Mayo Clinic: Is it best to have bunions surgically treated
before they begin hurting, or do some never cause pain? In the
past few months, I've noticed throbbing from the bunion on my
left foot, and Iím considering surgery. I have one on my
right foot, too, but it doesnít hurt. Will I eventually need
the procedure done to both sides?
all bunions require surgery, and more conservative means of
treatment typically are recommended first, before any surgical
intervention is used.
is a bony bump that forms on the joint at the base of your big
toe. It develops due to a shifting or repositioning of some of
the bones in the front part of the foot (forefoot). When this
happens, the big toe gets pulled toward the smaller toes and
the forefoot widens. Thatís when you start to notice the
bunions donít cause any symptoms other than a bulging bump,
while others trigger swelling, redness and soreness around the
joint. Persistent or intermittent pain may accompany a bunion,
and the skin over a bunion may become red and sore.
bunion doesnít cause pain or other symptoms, it may not
require treatment. If, as in your case, a bunion does become
painful ó or if it causes other bothersome symptoms ó thatís
the time to make an appointment to have it evaluated. Doctors
who specialize in foot and ankle surgery typically are the
health care providers best suited to assess a bunion and help
you decide on the appropriate treatment.
the first steps your doctor may take is to determine the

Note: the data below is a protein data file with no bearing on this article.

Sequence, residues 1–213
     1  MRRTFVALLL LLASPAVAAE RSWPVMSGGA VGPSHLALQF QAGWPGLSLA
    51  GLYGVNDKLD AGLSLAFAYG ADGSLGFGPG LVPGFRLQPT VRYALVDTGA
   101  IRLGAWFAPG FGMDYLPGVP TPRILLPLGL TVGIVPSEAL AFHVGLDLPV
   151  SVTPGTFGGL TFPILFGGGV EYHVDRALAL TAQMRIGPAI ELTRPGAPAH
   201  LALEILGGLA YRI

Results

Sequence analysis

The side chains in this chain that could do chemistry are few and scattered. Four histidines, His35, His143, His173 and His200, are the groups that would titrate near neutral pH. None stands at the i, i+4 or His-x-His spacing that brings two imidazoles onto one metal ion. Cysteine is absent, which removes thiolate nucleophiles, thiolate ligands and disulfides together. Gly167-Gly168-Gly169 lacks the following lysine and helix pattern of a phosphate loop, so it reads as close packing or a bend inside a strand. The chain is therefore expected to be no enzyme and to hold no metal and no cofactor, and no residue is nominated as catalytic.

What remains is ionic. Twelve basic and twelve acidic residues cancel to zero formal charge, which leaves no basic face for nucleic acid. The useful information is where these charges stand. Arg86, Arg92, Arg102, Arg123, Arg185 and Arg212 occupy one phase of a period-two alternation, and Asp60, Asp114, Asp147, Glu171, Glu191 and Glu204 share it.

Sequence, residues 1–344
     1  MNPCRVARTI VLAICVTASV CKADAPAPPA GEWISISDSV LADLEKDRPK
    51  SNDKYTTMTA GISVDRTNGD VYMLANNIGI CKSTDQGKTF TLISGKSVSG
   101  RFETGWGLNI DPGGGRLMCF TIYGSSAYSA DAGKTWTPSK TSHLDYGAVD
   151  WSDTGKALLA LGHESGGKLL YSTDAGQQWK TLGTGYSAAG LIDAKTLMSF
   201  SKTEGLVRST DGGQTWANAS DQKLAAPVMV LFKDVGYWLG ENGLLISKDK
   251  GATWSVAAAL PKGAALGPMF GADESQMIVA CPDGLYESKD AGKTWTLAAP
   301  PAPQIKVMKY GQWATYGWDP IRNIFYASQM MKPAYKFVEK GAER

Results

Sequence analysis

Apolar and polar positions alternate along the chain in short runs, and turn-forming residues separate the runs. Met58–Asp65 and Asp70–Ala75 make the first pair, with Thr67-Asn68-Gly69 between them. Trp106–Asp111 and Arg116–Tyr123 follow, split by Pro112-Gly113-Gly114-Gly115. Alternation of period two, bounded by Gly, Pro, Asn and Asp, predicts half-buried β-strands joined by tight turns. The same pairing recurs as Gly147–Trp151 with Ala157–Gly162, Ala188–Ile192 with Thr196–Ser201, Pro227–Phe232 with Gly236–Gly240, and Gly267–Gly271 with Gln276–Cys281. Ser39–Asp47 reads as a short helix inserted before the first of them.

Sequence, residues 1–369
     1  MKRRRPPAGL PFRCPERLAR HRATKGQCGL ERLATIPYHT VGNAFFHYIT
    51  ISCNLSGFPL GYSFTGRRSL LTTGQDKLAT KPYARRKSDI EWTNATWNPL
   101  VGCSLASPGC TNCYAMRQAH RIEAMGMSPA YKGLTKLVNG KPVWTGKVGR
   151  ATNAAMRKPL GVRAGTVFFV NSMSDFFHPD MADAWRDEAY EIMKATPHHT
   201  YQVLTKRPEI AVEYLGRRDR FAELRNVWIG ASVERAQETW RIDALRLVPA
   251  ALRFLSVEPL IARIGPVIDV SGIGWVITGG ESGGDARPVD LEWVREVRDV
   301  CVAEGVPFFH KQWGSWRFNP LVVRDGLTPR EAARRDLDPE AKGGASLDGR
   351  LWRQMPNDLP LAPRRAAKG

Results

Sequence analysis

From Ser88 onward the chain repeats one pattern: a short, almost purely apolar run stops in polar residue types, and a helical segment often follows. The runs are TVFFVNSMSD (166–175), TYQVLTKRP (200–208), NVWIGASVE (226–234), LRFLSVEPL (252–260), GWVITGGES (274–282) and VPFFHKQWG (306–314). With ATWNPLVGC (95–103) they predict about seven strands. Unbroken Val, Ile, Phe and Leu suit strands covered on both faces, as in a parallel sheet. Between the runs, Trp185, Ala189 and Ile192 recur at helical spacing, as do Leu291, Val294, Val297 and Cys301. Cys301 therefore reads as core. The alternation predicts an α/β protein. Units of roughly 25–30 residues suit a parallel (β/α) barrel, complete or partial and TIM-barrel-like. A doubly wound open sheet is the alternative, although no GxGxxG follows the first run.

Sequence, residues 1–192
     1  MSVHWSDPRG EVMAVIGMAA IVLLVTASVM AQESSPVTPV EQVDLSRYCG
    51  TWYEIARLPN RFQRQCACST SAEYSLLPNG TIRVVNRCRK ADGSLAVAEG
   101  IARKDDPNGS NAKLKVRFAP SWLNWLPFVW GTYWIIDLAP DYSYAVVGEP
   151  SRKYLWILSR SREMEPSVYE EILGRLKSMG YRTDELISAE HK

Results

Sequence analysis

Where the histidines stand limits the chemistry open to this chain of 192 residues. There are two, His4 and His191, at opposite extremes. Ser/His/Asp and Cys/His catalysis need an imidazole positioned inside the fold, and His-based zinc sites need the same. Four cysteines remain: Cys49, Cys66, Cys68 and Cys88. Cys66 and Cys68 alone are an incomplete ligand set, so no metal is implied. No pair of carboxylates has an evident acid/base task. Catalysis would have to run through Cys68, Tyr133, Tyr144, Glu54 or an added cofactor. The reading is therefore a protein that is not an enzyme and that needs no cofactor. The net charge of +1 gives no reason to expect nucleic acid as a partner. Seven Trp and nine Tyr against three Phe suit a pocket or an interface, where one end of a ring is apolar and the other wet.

underlying cause of the pain associated with your bunion. In
some cases, it may be an internal problem, such as
degenerative or inflammatory arthritis. In others, the pain
could be from an external source, such as pressure from tight
or ill-fitting shoes. Treatment recommendations may be based
in part on whatís causing the pain.
treatment options, which usually are the first line of
treatment for bunions, often include changing the type of
shoes you wear. Roomy, comfortable shoes with plenty of space
for your toes will take pressure off a bunion and may help
ease pain. Adding padded inserts to your shoes distributes
pressure more evenly when you move your foot, and that can
help reduce pain, too.
can try bunion pads to take pressure off the bunion. They are
available without a prescription at most pharmacies and drug
stores. Nonprescription pain relievers such as acetaminophen,
ibuprofen or naproxen sodium may be useful, as well. In some
cases, your doctor might recommend a cortisone shot to help
reduce inflammation in the joint that could be triggering
or inability to do your usual activities continues despite
these more conservative measures, surgery may be necessary.
The purpose of bunion surgery is to correct the foot
deformity, increase function and reduce pain. The specific
procedure used will depend on your situation.
should have a discussion with a foot and ankle surgeon to talk
about surgery options. He or she can outline the planned
procedure and review the expected outcome and healing
timeline, along with the potential benefits, risks and
complications of the surgery.
may occur just on one foot or on both feet, and the severity,
symptoms and progression can vary greatly from one foot to the
other. Therefore, let your symptoms, as well as a discussion
with your doctor, guide you when considering bunion surgery.